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Maurizio Rossi is an intelligent and warm person that loves to travel to Israel whenever he has the time, preferably when it’s sunny. I met Maurizio, one of the founders of H-Farm Ventures, about 3 years ago, at one of the many tech events we both attend. We become friends immediately.
H-Farm is one of a kind accelerator located in Italy, 15 minutes from beautiful Venice. It aims to change the state of its economy by encouraging young people to grow their ideas and disrupt the Italian market. And by “grow your idea,” I literally mean it. The whole space is immersed in green, and in the center, there is a huge greenhouse where Hackathons and other events take place. Of course, besides ambitious young people, there are also plants and trees inside this greenhouse. I can tell you from experience, your mind is definitely more open when all you see around you are fields of green and you are surrounded by an incredible landscape on all sides.
I had been invited to be mentor at a fashion and lifestyle Hackathon, and since Italy, fashion, and lifestyle seemed like a perfect pairing, I was more than happy to go.
I’ve been to many Hackathons, but this one had a paticularly interesting concept: H-farm collaborates with four major players in the fashion field: Bottega Veneta, Diesel, Lotto, and Mastrotto. Teams are asked to come up with real ideas to disrupt the fashion industry. Innovators had the chance to pitch directly to these companies, which is a huge deal. No wonder, over 400 people showed up! It was one of the intensive Hackathons I’ve ever seen. It was very well organized and the amount of support from the H-Farm team was just mind blowing. The ‘H’ in H-Farm stands for “Human” and this spirit is very much reflected and celebrated here..
The ideas at the end were fairly good, and some were actually amazing. But what struck me the most was the degree of the finished product presented after only 24 hours. Most of the pitches were also very well designed, and some of the ideas have even already been developed! Observing this, I can only ask one question: How come we don’t hear about more applications originating from Italy? I might have the answer to that or at least a partial answer: I think Italians are more comfortable developing in their own market and not on a global scale. Although, I’ve seen some really innovative ideas from the H-Farm Portfolio companies. Coming from a country that is usually doing the opposite, I am really hoping this will change. It might also be an (English) language barrier. I found the country to not be as English-friendly as I am accustomed to in Europe. While Italy is one of the most desired tourist destinations it seemed strange to me that there were no English signs anywhere but at the airport. Most of the people I met with, of course, know English, but none of them pitched in English, which was rather puzzling.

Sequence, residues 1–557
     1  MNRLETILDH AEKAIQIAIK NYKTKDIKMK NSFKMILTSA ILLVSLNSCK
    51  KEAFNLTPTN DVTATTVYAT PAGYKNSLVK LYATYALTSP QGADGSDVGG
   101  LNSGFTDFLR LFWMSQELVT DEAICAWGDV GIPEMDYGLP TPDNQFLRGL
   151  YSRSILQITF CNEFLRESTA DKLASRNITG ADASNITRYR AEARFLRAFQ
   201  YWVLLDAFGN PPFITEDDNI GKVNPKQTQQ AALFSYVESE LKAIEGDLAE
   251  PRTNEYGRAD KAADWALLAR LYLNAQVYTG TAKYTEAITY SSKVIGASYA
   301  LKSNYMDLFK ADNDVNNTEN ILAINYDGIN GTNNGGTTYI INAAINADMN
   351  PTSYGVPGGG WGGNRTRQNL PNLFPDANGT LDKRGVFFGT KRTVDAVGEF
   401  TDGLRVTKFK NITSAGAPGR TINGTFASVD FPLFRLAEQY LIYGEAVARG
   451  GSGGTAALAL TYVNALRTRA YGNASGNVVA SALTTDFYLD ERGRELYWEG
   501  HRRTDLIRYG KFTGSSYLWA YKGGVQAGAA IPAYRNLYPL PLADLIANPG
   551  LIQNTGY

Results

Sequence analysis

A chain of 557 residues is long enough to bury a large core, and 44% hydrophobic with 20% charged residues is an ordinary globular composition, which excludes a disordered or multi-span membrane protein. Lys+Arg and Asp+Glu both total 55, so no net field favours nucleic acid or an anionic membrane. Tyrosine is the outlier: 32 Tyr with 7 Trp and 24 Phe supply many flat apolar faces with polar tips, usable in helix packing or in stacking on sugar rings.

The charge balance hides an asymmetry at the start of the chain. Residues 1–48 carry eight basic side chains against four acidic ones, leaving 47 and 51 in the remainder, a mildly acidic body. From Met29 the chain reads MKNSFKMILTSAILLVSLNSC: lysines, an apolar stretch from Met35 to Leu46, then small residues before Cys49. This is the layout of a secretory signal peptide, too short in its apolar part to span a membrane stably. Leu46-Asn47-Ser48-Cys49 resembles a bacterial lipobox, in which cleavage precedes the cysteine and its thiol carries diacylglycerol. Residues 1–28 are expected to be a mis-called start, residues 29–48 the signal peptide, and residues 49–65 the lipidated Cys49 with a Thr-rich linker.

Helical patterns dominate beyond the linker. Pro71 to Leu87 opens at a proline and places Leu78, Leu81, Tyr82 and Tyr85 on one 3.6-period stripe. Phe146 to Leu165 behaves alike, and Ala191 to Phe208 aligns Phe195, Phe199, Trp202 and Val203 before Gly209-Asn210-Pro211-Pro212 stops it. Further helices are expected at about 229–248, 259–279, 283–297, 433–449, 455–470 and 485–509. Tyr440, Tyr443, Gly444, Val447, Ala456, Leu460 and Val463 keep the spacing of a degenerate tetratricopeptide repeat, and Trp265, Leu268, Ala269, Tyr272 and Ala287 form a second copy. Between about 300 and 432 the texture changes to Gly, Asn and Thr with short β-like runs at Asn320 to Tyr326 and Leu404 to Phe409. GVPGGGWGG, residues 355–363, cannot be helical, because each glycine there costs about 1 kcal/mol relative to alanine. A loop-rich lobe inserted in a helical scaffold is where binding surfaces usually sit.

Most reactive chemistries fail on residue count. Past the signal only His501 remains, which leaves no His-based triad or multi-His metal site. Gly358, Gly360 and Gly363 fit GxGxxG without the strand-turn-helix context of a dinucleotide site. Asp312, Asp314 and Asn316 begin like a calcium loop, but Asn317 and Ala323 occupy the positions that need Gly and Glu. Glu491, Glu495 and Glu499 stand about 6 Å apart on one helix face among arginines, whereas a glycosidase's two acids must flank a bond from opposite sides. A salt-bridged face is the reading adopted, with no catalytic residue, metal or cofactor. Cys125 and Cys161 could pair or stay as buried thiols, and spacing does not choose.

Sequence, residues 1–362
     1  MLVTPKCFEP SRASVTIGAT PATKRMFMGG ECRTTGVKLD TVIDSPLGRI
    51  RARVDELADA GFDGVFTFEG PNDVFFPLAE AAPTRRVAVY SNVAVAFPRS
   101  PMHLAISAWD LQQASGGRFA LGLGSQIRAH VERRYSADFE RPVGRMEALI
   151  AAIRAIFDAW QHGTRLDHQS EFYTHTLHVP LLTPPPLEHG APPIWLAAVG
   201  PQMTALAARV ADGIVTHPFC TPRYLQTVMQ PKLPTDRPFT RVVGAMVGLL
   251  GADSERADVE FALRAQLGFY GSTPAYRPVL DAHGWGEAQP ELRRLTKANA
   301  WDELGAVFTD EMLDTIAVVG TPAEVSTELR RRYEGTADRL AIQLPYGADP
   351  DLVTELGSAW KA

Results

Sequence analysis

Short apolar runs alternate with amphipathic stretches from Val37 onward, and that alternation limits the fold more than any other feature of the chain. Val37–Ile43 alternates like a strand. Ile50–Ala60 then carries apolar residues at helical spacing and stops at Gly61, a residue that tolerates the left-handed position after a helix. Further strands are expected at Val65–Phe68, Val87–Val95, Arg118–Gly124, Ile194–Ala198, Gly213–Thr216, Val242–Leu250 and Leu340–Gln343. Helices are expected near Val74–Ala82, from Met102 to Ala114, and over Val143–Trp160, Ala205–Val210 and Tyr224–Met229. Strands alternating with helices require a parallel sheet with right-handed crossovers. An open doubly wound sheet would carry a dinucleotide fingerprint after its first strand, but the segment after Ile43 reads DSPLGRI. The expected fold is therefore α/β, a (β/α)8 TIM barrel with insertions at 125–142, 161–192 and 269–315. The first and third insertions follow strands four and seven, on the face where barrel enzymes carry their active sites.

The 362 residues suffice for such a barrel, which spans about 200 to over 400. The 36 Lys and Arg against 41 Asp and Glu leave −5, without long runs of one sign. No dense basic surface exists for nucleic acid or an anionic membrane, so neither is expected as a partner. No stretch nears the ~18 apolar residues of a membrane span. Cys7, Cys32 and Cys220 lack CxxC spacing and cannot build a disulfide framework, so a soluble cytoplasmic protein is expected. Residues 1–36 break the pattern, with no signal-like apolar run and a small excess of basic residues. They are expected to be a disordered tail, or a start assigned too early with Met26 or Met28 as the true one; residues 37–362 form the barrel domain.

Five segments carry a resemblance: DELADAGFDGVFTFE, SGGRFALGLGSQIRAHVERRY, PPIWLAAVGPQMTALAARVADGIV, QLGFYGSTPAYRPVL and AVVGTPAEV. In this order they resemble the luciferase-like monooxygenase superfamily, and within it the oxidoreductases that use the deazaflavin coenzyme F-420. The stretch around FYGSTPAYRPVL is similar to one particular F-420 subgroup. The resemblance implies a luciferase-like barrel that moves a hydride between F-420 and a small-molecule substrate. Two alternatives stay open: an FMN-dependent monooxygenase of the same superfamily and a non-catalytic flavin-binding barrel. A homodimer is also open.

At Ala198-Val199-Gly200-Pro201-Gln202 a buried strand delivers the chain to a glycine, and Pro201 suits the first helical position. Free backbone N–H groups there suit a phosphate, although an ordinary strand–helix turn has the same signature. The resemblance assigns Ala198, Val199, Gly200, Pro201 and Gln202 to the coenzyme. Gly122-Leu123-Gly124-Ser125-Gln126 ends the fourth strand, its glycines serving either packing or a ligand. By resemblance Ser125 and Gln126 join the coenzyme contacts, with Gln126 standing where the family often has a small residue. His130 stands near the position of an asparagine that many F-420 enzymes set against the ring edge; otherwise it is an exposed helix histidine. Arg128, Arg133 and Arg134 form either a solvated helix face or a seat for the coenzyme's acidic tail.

Italians are way progressive when it comes to 3D printing. I viewed some great solutions made by the local startups. One of them, Desall, created FabMe, a Marketplace for 3D files where people can buy and use along with their own 3D printing machine. Clearly this idea is ahead of its time because most people don’t have a 3D printer at home (or even their office) yet, but the store has great potential to gain momentum, and get a great deal of content while awaiting the mainstream adoption of the devices.
H-Farm, led by Riccardo Donadon, and Maurizio Rossi, has invested in over 53 startups since 2005, had 7 successful exits, creating 350 new jobs. The aggregate turnover of H-Farm companies exceeds 30 million euro. An additional investment of €10 million has been planned for the period between 2013 and 2018.
But H-Farm is not just an accelerator. It is also a digital academy and a place for Italians to learn, and meet new people. If they see potential in you, you’ll get a desk, food, direction, and plenty of time to grow your ideas. It reminded me of the TLV Campus, where everyone who needs a place to build a startup is welcome. In doing this, H-Farm has become a hub for all startups in the area, and probably the entire nation. And, they are not stopping there. I heard plans for expanding the area, adding workshops and open spaces to enable more people to join the swell. I salute them for that.